The company said in a statement the dividends will be reinvested to finance the group's Russian operations, "including its exploration, production, refining and marketing activities".
Analysts say the extra cash could also be handy for parent BP as it struggles to cover costs related to the worst oil spill in U.S. history, and help TNK-BP in its pursuit of some BP assets being disposed of in a $30 billion sale.
"Basically, the main shareholders are receiving cash that they can then use to buy assets from the parent company, and BP is in need of high dividend payouts now more than ever," said Denis Borisov, an oil analyst at The Bank of Moscow.
TNK-BP, half-owned by four Russia-connected billionaires, has its eye on BP assets in Vietnam, Venezuela and Algeria.
This month, BP's new Chief Executive Robert Dudley said it may sell its main Vietnam assets, worth around $1 billion, to TNK-BP without inviting other parties to bid.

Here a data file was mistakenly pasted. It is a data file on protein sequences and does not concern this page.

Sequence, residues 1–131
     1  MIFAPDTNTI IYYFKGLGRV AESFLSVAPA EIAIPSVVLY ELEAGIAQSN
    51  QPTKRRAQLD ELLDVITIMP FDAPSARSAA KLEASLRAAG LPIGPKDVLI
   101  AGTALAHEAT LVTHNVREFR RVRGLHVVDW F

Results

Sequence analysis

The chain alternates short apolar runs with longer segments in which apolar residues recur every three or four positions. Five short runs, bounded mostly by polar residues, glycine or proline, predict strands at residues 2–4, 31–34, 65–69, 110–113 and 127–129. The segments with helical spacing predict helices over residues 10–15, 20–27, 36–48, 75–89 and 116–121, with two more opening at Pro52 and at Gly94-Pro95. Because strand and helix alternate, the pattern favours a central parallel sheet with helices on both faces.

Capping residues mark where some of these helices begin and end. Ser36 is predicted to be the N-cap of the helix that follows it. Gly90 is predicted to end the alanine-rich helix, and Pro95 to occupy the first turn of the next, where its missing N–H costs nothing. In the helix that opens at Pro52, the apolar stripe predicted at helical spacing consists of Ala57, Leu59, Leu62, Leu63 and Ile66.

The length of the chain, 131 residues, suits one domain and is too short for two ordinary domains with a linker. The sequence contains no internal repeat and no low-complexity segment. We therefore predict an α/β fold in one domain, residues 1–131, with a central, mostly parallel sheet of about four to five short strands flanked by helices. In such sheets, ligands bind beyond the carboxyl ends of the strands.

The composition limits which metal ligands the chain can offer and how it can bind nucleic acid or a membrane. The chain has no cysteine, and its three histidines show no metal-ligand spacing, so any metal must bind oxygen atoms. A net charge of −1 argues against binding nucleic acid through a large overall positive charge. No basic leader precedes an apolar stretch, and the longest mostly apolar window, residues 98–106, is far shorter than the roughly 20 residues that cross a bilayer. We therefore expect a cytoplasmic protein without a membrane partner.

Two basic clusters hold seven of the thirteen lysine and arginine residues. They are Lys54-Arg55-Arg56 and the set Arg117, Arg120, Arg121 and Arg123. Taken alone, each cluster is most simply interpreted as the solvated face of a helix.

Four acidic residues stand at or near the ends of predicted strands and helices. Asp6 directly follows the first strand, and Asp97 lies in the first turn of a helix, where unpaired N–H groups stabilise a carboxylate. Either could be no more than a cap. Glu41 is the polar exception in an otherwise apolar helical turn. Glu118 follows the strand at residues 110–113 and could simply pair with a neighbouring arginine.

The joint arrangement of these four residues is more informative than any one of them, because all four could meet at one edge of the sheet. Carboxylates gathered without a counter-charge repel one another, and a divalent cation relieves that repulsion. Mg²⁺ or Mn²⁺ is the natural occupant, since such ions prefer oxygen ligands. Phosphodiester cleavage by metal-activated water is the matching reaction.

Analysts also say TNK-BP's large dividends will help one of its shareholders, the oligarch Mikhail Fridman's Alfa Group, pay down debt related to its main assets -- Russian telecoms operator Vimpelcom and the retailer X5.
"It is possible that Alfa needs the money to pay debt secured against a range of its assets," said Evgeny Golosnoi, an oil analyst at Troika Dialog.
The company has not announced its third-quarter results, but the proposed payout is about 70 percent more than its first-half net income of $2.43 billion.
Last year TNK-BP paid 7.41 roubles per share for the first nine months, a total of 114.4 billion roubles. Dividends for the full year in 2009 totalled $4.93 billion -- nearly the company's entire net income.
TNK-BP declined to comment on the reason behind the rise in the proposed dividend payments this year.